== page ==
MISA DE GALLO: GETTING READY FOR 'SIMBANG GABI'
MANILA, December 15, 2003 (MALAYA) By FRANCIS EARL A. CUETO - THE alarm clock is buzzing. Just as you have drifted merrily to sleep, the clock is telling you to get up as you have to start your day. But its 3 in the morning, and the sweet allure of your bed and the enchanting feel of your pillows are simply hard to resist. But then your senses start drumming up fast and the main reason why you had to wake up early had also started ringing in your mind: Simbang Gabi or Misa de Gallo.
While trying at best to stay awake amid the cool breeze and trying to listen to the Mass itself as it unfolds at so early in the morning, Simbang Gabi has become so much a part of our lives as it has been part of the Christian Family tradition.
Simbang Gabi was adopted from the Catholic Misa de Gallo, which literally means mass of the rooster, to indicate it is held at dawn when the rooster crows.
Dawn and Midnight Masses
Simbang Gabi lasts for nine consecutive days beginning December 16. Traditionally, it is held at dawn, but some parishes offer anticipated masses one night in advance. This religious event dates back to the time when Miguel Lopez de Legazpi celebrated the first feast of the Nativity in 1565 in the archipelago.
Simbang Gabi traces its roots in Mexico when, in 1587, Fray Diego de Soria, prior of the convent of San Agustin Acolman, petitioned the Pope for permission to hold Christmastide masses outdoors because the church could not accommodate the multitude that attended the dawn services. When the request was granted, the masses became known as Misa de Aguinaldo.
It was in the 16th century when Pope Sixtus V decreed that these pre-dawn masses be also held in the Philippines starting every December 16. The decree was in keeping with the nine-day traditional festivals of Filipinos in celebrating auspicious occasions like harvestime. It was also meant to give farmers a chance to hear mass before setting out for the fields. Rural Filipinos were used to starting the day two hours before sunrise.
Church bells ring to call the faithful to Simbang Gabi. In some provinces, brass bands play traditional Chirstmas music and parish priests would go as far as knocking on the doors of every home.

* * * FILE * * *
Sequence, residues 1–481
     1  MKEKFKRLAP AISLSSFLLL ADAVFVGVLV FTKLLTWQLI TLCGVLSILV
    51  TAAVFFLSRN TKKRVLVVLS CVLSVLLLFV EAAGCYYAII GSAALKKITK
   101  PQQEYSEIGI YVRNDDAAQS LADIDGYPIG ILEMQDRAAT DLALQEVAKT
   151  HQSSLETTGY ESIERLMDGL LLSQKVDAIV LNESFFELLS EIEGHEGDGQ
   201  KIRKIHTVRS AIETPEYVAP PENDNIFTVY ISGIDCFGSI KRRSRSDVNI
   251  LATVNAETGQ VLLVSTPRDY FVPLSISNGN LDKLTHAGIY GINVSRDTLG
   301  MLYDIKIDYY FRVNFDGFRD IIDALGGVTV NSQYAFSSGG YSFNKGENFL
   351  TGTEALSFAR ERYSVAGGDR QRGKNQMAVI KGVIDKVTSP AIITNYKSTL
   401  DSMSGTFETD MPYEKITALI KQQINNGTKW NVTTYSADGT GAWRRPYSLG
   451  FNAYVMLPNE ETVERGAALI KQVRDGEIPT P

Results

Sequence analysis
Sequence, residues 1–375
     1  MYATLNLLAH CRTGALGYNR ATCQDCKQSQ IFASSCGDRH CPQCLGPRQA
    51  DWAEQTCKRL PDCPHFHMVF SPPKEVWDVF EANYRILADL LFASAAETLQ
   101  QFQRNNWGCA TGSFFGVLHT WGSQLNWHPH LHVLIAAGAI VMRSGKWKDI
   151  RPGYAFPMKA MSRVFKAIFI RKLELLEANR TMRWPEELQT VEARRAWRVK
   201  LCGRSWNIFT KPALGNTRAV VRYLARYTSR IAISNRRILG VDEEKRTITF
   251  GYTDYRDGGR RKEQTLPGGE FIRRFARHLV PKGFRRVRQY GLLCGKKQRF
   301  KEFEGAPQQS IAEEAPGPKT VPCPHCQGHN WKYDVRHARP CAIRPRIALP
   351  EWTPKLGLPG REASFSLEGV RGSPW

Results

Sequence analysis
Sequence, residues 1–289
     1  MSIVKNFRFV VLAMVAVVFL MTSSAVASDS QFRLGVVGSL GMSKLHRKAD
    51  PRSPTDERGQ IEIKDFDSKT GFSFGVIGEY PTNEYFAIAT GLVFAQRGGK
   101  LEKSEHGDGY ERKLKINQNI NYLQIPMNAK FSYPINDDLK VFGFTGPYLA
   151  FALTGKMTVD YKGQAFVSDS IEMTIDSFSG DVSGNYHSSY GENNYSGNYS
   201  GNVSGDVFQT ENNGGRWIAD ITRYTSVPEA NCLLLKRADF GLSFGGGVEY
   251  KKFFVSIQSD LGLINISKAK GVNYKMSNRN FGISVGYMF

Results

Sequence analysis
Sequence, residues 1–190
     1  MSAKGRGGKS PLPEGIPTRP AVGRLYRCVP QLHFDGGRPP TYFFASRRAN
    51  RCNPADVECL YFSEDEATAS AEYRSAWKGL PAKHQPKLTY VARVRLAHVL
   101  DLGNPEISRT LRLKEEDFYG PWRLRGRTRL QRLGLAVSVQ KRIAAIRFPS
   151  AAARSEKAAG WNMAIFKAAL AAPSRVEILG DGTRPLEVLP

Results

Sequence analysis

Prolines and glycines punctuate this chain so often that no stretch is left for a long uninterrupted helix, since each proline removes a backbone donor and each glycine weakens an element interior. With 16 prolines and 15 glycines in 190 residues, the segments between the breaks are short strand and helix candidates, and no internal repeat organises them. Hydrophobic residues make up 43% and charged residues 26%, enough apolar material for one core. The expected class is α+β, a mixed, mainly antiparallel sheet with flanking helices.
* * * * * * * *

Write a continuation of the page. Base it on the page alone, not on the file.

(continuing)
After the nine-day Simbang Gabi follows the Misa de Gallo (Mass of the Rooster). This is held on midnight of December 24 to welcome the birth of the Saviour. In some churches, the panunuluyan, depicting Mary and Joseph's efforts to find a suitable birthplace, is reenacted and the baby Jesus first makes his appearance in the manger of the Belen, the Nativity Scene.
Simbang gabi is said to have started in the 18th century by a Spanish friar who intended it as a novena for a bountiful harvest the following year. The friar was said to have timed the Misa de Gallo to culminate with the Misa de Aguinaldo, or the midnight mass on Christmas Eve, which was then followed by the family's noche buena or midnight meal. The masses were set at dawn to accommodate the farmers who had to attend to their fields during the day. After the harvest proves bountiful, the dawn Masses became an annual tradition.
A Sacrifice for God
Fr. Lito Jopson from the Archdiocese of Manila, explains that Simbang Gabi celebrating Simbang gabi from another part of the world aside from the Philippines can prove to be very interesting as well as inspiring.
"Imagine, even though it's freezing cold, Filipinos would still flock to their churches wearing barong while the women would put on their elegant ternos. One could feel nostalgia with choir singing Tagalog songs as "Pasko na Naman" and "Himig Pasko." After the mass, the parishioners are treated to a sumptuous Filipino dinner with the traditional puto, kutsinta, and bibingka to remind them of how wonderful it is to experience Christmas, the Filipino way," he said.
Reported by: Sol Jose Vanzi
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